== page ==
I found this beast in what I would call a junk store in Northeast Bremerton just before Christmas. Aside from sawdust all over it and a lot of wear on the case, it was in excellent condition and the shop owner was thinking of stripping off the keys and selling them for craft materials, since the “weird” machine was unlikely to sell for a good price intact. I just couldn’t let that happen, so I bought it. Not super-cheap, but certainly a lot cheaper than if I’d bought if from someone who was more “into” typewriters. I took it straight to the local repair shop–known for their knowledge of vintage machines–and left it to be cleaned and made serviceable. Today I got it back.


I have named it “August” (or “Auggie”) in honor of Dr. Dvorak–who designed the keyboard arrangement. Auggie has pride of place on the vintage library table. We’ve determined that Auggie is a Royal Portable model (specifically an OT), built in early 1934, and shipped to the University of Washington. Dvorak keyboards weren’t a standardized item yet, since Dvorak’s patent was still in review (it was filed in 1932, but not granted until 1936). Paul, the technician and owner of Bremerton Office Machine Company, tells me that custom keyboards could be ordered at the Royal dealer’s offices by anyone, so long as they met a minimum order cost. A photo from the Museum of History and Industry in Seattle shows several of the older, heavier Standard “Model 10” Royal typewriters in use in Dr. Dvorak’s 1932 typing class at UW. I’m hoping to get in contact with MOHAI and the University’s archivists and see if I can discover more about Auggie’s past–not because it’s likely to be worth money, but because I’m a research hound and can’t resist a historical mystery.


Auggie has an unexpectedly light touch, but a long stroke, so while I’m hitting the keys harder than they need, I don’t push them down far enough to get good contact on every keystroke. I don’t yet touch type Dvorak, so it may take a while to get up to speed on Auggie. I’m also trying to discover what makes the sub-type OT different from the parent model O, and I hope to find an owner’s manual for it as well. This isn’t a museum piece–the finish is imperfect, scratched here and there, foggy in some places, the keys are not enamel but metal with paper tags under protective glass disks, and the model wasn’t rare–except for the Dvorak layout–but it still makes me happy to have it lurking in the library.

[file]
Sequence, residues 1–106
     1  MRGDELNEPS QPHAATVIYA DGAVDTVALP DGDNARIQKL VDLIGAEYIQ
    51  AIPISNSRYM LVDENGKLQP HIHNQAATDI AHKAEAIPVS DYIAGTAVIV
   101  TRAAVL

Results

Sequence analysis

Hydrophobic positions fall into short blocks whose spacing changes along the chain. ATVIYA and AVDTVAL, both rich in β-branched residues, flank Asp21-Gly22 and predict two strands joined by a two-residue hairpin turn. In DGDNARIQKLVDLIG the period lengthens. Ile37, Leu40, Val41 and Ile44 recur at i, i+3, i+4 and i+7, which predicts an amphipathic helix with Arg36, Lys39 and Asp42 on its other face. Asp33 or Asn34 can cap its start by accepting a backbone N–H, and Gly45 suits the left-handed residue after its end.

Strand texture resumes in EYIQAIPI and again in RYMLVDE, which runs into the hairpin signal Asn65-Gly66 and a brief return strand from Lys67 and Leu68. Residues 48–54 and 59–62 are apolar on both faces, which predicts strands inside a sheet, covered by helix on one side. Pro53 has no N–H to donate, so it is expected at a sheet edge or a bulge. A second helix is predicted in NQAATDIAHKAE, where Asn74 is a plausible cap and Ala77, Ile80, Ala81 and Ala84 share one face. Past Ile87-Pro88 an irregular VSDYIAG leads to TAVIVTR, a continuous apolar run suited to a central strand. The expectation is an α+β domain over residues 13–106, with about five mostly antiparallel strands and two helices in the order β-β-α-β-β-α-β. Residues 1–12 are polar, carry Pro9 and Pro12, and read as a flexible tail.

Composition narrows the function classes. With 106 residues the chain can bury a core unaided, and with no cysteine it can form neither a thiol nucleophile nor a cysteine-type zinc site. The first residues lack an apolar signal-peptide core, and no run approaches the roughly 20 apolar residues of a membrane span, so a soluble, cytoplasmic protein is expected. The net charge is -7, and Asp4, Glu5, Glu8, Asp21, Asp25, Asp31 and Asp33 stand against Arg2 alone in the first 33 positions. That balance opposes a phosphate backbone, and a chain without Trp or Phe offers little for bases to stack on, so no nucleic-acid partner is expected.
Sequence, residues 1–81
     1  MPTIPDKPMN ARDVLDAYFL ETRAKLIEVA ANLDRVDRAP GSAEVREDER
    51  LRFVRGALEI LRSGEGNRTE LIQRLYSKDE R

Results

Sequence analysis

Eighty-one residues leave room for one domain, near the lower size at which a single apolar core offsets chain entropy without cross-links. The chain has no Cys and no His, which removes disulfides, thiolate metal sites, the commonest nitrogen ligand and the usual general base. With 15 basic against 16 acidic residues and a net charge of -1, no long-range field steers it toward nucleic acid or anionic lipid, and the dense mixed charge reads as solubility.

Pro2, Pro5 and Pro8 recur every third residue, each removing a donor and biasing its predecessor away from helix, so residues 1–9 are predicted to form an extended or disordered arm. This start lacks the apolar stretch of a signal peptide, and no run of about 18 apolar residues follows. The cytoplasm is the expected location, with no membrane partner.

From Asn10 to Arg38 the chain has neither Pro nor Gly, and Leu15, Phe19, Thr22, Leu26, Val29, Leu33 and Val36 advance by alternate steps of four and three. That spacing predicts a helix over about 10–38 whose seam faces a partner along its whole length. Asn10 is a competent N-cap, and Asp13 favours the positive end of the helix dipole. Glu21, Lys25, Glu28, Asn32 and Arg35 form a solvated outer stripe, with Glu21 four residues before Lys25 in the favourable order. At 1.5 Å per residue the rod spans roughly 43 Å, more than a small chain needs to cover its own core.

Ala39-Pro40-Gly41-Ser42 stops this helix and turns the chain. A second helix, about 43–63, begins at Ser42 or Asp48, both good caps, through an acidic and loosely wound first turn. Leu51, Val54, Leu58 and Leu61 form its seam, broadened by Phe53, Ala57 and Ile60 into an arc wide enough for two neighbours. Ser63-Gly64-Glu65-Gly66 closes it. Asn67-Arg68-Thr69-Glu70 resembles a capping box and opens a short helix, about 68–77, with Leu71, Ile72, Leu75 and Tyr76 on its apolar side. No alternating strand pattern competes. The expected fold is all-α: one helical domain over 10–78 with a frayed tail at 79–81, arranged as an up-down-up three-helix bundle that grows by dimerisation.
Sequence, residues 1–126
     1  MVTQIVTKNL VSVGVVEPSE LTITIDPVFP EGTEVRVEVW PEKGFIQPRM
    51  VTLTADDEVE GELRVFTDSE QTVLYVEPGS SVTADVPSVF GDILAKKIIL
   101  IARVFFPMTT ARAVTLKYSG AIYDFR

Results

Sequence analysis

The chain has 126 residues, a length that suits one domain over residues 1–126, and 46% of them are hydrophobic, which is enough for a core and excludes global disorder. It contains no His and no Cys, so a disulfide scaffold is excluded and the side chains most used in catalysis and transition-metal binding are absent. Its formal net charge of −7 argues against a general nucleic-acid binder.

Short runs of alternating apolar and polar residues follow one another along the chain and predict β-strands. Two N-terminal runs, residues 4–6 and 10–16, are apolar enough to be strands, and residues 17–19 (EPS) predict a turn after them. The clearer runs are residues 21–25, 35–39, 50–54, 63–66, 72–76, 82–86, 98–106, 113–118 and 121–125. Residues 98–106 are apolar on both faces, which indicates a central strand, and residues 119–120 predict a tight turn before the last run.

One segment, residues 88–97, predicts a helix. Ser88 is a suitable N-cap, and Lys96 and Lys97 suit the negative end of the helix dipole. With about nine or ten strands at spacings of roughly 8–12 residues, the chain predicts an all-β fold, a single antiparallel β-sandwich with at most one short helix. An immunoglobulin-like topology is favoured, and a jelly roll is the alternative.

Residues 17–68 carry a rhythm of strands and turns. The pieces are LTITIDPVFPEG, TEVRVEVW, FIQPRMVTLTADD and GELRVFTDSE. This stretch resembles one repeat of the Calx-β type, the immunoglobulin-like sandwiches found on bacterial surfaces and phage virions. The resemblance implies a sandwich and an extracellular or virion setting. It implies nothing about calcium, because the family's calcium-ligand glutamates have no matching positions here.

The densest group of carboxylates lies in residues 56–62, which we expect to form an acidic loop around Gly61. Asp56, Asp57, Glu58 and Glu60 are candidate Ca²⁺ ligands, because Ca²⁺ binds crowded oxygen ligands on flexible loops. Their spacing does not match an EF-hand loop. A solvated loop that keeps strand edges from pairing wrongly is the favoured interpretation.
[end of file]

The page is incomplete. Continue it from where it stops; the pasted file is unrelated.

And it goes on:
About Kat Richardson

Writer, editor, eccentric pain in the tail, bestselling author of the Greywalker novels.
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3 Responses to Retro

  1. redharparts says:

    Beautiful machine and a good thing you rescued it. Looks a lot like the typewriter that got me through grad school…. it was a Royal, probably from the 1940’s but the usual keyboard configuration. It was my mother’s. I remember the long stroke. Sometimes I’d type too fast and two levers (? what are they called) would get tangled.

  2. I think those are called “type arms,” but I’m not sure. The Dvorak keyboard is supposed to reduce jamming by tending to place common “bigrams” (two-letter combinations) on alternate hands and keep the typists fingers on the “home row” more, thus reducing strain on the typist’s wrists and hands. There’s some debate as to the truth in that claim and there’s never been a really good test of it. Some people swear the Dvorak is better, faster, more efficient, and lower-impact, but… so far it’s all anecdotal. It just happens that I’m a freak who loves odd things and that I discovered Dr. Dvorak worked at the University of Washington, so this machine–which came in a case with a University of Washington Book Store label inside–was likely to have been owned by the University or a student of Dr. Dvorak’s–also the gold sticker just above the keyboard is from a typewriter repair service located in my old Seattle neighborhood and that makes me grin.

  3. I love it! I totally get what you mean about not being able to resist a historical mystery.

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